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tradestatistics package #274

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11 of 25 tasks
pachadotdev opened this issue Jan 3, 2019 · 79 comments
Closed
11 of 25 tasks

tradestatistics package #274

pachadotdev opened this issue Jan 3, 2019 · 79 comments

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@pachadotdev
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pachadotdev commented Jan 3, 2019

Submitting Author: Pachá (@pachamaltese)
Repository: https://github.com/tradestatistics/tradestatistics
Version submitted: 0.1
Editor: @maelle
Reviewer 1: TBD
Reviewer 2: TBD
Archive: TBD
Version accepted: TBD


  • Paste the full DESCRIPTION file inside a code block below:
Package: tradestatistics
Type: Package
Title: Open Trade Statistics API Wrapper and Utility Program
Version: 0.1
Authors@R: c(
  person("Mauricio", "Vargas S.", role = c("aut", "cre", "cph"), email = "mvargas@dcc.uchile.cl"),
  person("Joshua", "Kunst", role = c("ctb")),
  person("Amanda", "Dobbyn", role = c("ctb")),
  person("Jorge", "Cimentada", role = c("ctb")),
  person(family = "UN Comtrade", role = c("dtc"))
  )
URL: https://CRAN.R-project.org/package=tradestatistics
BugReports: https://github.com/tradestatistics/ts-r-package/issues
Description: Access Open Trade Statistics API from R to download international trade data.
License: GPL-3
LazyData: TRUE
Depends:
  R (>= 3.2)
Imports:
  rlang,
  magrittr,
  dplyr,
  stringr,
  crul,
  purrr,
  jsonlite
RoxygenNote: 6.1.1
Suggests: 
  knitr,
  rmarkdown,
  testthat,
  covr,
  styler,
  pkgdown,
  vcr
VignetteBuilder: knitr

Scope

  • Please indicate which category or categories from our package fit policies this package falls under: (Please check an appropriate box below. If you are unsure, we suggest you make a pre-submission inquiry.):

    • data retrieval
    • data extraction
    • database access
    • data munging
    • data deposition
    • reproducibility
    • geospatial data
    • text analysis
  • Explain how the and why the package falls under these categories (briefly, 1-2 sentences):

Because the package connects to an API and does API calls to simplify things for the final user who wants imports/exports and some metrics such as % of increase/decrease.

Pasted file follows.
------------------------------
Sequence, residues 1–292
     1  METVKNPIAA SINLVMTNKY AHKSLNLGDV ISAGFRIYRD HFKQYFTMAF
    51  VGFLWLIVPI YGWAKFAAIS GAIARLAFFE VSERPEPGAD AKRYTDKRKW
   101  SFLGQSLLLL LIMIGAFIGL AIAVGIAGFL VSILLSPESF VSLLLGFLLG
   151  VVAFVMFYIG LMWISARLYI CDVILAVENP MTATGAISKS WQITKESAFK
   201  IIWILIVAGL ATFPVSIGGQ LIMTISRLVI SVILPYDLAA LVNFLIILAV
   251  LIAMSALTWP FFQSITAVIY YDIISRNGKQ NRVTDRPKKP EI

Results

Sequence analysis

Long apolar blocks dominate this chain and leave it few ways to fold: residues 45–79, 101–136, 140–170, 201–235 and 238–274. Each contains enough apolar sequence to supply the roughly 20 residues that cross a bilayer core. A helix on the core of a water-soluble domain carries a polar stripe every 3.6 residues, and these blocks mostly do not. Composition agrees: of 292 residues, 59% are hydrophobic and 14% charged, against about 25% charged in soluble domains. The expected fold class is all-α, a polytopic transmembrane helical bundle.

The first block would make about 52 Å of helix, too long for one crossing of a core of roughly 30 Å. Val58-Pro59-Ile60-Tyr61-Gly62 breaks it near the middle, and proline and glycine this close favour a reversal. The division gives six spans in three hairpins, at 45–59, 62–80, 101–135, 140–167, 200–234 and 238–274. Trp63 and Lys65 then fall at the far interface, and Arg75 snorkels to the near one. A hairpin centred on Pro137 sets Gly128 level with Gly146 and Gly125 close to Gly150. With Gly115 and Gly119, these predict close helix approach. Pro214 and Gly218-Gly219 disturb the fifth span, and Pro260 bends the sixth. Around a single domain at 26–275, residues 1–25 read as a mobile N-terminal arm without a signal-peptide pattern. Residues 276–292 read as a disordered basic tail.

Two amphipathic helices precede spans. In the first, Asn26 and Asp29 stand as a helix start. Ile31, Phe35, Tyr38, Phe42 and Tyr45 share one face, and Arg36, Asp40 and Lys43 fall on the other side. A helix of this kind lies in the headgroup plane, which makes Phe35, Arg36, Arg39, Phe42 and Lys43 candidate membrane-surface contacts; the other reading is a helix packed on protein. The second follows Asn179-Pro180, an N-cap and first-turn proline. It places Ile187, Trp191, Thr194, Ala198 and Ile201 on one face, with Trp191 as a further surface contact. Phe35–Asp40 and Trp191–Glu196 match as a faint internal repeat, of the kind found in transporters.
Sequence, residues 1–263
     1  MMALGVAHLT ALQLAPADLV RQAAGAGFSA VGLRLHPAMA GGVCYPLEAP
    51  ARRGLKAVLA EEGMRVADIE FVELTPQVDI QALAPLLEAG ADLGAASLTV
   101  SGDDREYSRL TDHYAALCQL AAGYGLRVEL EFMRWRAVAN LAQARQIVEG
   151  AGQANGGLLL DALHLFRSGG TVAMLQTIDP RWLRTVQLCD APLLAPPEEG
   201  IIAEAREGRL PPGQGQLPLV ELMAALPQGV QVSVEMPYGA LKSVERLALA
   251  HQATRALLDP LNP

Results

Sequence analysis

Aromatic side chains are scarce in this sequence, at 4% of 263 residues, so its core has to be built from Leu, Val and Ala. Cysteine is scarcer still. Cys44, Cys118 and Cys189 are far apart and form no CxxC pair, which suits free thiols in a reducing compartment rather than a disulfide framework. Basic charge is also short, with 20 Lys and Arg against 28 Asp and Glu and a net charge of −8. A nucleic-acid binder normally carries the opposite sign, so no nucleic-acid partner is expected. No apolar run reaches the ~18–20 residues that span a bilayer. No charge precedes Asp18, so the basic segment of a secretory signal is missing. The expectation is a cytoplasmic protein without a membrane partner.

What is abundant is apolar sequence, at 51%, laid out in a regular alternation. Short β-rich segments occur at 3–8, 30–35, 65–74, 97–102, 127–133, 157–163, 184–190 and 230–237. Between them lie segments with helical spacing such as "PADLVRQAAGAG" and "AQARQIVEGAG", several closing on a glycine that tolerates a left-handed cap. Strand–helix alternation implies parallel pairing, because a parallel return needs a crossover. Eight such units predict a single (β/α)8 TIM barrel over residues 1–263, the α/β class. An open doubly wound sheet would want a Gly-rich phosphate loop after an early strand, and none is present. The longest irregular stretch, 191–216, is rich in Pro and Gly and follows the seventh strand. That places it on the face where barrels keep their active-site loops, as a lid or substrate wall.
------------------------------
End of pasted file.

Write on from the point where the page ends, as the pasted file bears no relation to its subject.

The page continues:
• Who is the target audience and what are scientific applications of this package?

Non-expert users that use international trade data. This can also be targeted to intermediate/advanced users who can benefit from the speed and short syntax that this package provides.

No, this is made for a new data project

  • If you made a pre-submission enquiry, please paste the link to the corresponding issue, forum post, or other discussion, or @tag the editor you contacted.

No.

Technical checks

Confirm each of the following by checking the box. This package:

Publication options

JOSS Options
  • The package has an obvious research application according to JOSS's definition.
    • The package contains a paper.md matching JOSS's requirements with a high-level description in the package root or in inst/.
    • The package is deposited in a long-term repository with the DOI:
    • (Do not submit your package separately to JOSS)
MEE Options
  • The package is novel and will be of interest to the broad readership of the journal.
  • The manuscript describing the package is no longer than 3000 words.
  • You intend to archive the code for the package in a long-term repository which meets the requirements of the journal (see MEE's Policy on Publishing Code)
  • (Scope: Do consider MEE's Aims and Scope for your manuscript. We make no guarantee that your manuscript will be within MEE scope.)
  • (Although not required, we strongly recommend having a full manuscript prepared when you submit here.)
  • (Please do not submit your package separately to Methods in Ecology and Evolution)

Code of conduct

@maelle
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maelle commented Jan 4, 2019

👋 @pachamaltese! Thanks for your submission! Can you confirm the package and underlying data source are mature enough for review?

@pachadotdev
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pachadotdev commented Jan 4, 2019

@maelle Hi!! Yes, I added all the feedback from the previous package and I extended it to obtain data from different tables provided I built my own tailored API

@pachadotdev
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pachadotdev commented Jan 4, 2019

@maelle Hi! sorry, I totally forgot to mention that the ROpenSci badge that I added should get another numeral provided 217 is for the older package

@maelle
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maelle commented Jan 5, 2019

Editor checks:

  • Fit: The package meets criteria for fit and overlap
  • Automated tests: Package has a testing suite and is tested via Travis-CI or another CI service.